Planners have approved controversial plans for a wind turbine – but thrown out applications for two others.
More than 900 people objected to dairy farmer Stuart Heath’s proposal for a 34.2m mast at Red Earth Farm, Rudyard.
They claimed the structure would ruin the area’s scenic views and could affect wildlife.
But planning officers at Staffordshire Moorlands District Council advised the authority’s planning committee to approve the turbine.
Members heard from three objectors yesterday at Moorlands House.
Matthew Cooper, of Leekfrith, said: “This is an area of special sensitivity and this turbine would have a dramatic impact.
“This is an industrial turbine being installed purely for financial gain.”
A previous application for a 72-metre mast on the farm was turned down in December, and Mr Heath said he had tried to address the concerns raised.
He told the meeting alternative energy was needed to help with the costs of his farm. “I constantly strive to be a good farmer and I believe that means putting more back than you take out,” he said.
“This is not about making a fast buck but to make sure the infrastructure is in place to allow us to improve it for future generations.”
The committee voted to approve the turbine by eight votes to one.
Liberal democrat councillor John Fisher said: “It will be seen from certain positions in Leek, but it’s not in the middle of the Roaches. It’s on the fringes of this beautiful ridge.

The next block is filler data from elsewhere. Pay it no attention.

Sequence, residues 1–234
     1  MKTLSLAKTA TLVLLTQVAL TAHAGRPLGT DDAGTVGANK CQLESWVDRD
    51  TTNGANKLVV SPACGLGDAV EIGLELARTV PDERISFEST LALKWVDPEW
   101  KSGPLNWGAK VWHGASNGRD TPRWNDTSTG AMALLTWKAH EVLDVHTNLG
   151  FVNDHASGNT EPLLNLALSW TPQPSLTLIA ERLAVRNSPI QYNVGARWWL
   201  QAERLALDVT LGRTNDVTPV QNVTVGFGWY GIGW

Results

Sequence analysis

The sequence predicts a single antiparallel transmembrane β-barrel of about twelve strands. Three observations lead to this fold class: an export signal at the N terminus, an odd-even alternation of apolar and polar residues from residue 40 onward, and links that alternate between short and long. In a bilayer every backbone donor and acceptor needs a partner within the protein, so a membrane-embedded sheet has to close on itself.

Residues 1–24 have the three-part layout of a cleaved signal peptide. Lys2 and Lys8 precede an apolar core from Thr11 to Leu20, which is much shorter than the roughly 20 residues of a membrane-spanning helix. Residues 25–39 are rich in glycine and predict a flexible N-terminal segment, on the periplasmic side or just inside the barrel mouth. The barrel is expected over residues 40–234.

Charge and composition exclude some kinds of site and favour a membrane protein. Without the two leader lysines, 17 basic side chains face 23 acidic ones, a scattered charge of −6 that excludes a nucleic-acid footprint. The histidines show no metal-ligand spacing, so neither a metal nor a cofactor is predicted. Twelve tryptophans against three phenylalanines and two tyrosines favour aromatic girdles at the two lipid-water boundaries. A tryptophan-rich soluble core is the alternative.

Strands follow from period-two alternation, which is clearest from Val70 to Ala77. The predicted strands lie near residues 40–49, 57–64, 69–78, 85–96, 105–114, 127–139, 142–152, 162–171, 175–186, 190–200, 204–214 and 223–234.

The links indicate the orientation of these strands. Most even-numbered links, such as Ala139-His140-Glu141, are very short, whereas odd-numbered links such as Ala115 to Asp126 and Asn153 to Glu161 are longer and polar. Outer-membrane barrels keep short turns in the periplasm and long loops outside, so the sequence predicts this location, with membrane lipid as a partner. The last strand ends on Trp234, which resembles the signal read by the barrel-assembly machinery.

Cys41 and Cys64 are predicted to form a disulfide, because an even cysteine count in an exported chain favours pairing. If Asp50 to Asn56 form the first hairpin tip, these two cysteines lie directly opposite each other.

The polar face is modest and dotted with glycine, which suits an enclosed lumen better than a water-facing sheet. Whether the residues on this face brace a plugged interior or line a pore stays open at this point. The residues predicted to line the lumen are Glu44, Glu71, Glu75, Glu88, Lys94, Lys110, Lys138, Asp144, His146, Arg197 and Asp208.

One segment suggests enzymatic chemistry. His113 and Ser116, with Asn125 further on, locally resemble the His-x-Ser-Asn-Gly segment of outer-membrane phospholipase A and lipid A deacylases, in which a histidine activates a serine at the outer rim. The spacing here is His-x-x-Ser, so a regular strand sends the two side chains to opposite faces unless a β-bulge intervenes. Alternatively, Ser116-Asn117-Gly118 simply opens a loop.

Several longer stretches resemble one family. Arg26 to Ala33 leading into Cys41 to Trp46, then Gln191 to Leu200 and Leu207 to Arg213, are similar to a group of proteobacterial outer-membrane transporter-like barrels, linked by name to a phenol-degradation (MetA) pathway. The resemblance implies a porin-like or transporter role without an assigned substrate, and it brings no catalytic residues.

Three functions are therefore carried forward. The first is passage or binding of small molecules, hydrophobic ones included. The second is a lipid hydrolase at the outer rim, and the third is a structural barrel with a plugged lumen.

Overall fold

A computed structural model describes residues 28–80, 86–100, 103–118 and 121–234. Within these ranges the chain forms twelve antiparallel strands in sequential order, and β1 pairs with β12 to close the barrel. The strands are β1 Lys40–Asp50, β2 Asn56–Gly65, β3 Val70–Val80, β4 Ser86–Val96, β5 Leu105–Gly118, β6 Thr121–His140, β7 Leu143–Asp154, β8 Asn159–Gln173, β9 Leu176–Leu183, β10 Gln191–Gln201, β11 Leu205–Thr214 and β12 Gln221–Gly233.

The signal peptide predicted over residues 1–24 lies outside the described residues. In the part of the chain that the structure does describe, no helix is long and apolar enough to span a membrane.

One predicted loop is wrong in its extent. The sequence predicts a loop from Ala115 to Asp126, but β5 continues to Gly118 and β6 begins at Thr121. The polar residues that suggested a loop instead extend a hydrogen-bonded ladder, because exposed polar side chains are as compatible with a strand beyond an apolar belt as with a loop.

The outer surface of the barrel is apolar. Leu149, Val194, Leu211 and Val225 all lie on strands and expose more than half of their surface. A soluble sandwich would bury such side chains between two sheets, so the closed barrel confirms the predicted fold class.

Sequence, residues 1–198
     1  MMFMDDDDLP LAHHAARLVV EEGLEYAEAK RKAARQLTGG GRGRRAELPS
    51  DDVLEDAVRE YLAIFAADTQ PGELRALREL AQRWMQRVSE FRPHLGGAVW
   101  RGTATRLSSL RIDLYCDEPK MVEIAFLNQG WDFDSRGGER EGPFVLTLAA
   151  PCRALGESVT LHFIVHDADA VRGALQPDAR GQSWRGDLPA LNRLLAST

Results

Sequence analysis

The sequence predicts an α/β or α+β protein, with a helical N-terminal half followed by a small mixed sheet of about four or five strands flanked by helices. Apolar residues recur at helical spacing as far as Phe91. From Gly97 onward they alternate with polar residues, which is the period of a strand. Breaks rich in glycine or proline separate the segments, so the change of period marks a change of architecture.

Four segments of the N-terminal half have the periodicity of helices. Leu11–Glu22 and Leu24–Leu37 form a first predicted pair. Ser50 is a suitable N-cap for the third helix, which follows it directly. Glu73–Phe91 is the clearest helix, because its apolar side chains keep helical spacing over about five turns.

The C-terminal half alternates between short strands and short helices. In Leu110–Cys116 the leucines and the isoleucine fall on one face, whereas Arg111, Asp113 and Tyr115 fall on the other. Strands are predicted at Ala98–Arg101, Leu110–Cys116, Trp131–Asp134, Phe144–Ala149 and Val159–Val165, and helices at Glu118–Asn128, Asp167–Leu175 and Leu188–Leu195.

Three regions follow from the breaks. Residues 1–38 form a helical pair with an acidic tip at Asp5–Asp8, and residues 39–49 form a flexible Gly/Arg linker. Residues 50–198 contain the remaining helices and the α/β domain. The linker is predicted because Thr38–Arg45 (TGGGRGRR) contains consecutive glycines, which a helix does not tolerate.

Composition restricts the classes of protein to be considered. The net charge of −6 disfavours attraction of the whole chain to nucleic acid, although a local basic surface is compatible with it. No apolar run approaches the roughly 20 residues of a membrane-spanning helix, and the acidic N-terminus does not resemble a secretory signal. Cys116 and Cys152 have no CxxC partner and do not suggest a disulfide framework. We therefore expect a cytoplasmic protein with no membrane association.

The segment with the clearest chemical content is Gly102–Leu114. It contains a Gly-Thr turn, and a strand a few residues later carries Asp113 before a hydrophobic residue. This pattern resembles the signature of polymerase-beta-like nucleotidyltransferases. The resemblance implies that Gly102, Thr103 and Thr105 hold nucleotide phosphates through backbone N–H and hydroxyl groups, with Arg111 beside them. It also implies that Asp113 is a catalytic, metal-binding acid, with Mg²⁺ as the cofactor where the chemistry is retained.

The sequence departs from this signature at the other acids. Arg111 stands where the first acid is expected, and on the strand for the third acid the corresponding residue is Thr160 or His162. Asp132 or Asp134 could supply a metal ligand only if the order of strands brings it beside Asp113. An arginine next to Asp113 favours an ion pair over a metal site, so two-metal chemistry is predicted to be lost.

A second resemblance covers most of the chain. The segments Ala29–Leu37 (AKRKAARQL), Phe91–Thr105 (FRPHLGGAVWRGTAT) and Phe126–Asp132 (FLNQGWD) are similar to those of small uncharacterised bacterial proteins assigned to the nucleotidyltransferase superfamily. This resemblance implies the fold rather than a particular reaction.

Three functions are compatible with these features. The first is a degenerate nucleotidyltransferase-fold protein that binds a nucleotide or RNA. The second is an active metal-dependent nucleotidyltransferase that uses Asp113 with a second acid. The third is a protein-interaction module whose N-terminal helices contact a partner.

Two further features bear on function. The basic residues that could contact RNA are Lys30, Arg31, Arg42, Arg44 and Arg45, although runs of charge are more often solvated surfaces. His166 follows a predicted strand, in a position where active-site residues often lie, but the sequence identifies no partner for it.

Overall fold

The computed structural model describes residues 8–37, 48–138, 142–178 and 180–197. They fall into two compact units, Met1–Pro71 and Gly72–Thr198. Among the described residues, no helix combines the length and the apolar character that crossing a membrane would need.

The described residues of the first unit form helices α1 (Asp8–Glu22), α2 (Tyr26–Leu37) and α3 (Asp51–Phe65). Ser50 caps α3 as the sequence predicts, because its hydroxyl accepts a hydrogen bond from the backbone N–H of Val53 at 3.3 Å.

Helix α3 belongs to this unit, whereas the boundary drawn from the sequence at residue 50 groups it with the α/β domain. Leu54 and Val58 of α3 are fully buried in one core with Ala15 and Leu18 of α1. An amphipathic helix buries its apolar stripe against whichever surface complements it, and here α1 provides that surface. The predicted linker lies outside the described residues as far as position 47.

“The nearest property is 700 metres away. People don’t live near this.”
Two further turbine applications failed to find favour with the committee.
Members criticised a proposal from David Cotton for a 79.6m turbine at Blakely Farm in Whiston – a site close to Cotton Dell Nature Reserve and one of the Staffordshire Moorlands Walks.
Twenty letters of objection were received from residents concerned about the impact on the landscape and wildlife.
Protester Keith Alcock, of Cotton Lane, said: “All the windows on my property will face this turbine.
“The location is on the top of the ridge and will be seen from miles around.” The committee unanimously voted to reject the application.
Conservative councillor Mike Worthington said: “This is the most un-neighbourly application I have ever seen. This is obviously a money-making venture.”
Moorlands Democratic Alliance councillor Ron Locker added: “This is a ridiculous application. This is a beautiful area and it would be desecrated.”
Another farmer, Mark Pickford, also had his application turned down because of the impact a turbine would have on the landscape.
He had applied to erect a 34.2m structure on his land at Kniveden Farm in Mount Road, Leek, prompting more than 50 objections from the public.
Neighbour Linda Beighton, from nearby Pikehall Farm, told planning committee members: “A walk along The Mount gives fine views. Great care should be taken to preserve the area.”
Rejecting the proposal, Labour councillor Margaret Lovatt said: “The Mount is a very popular walk used by hundreds of people.
“All those people walking past will be in sight of, and will be very close to, the mast.”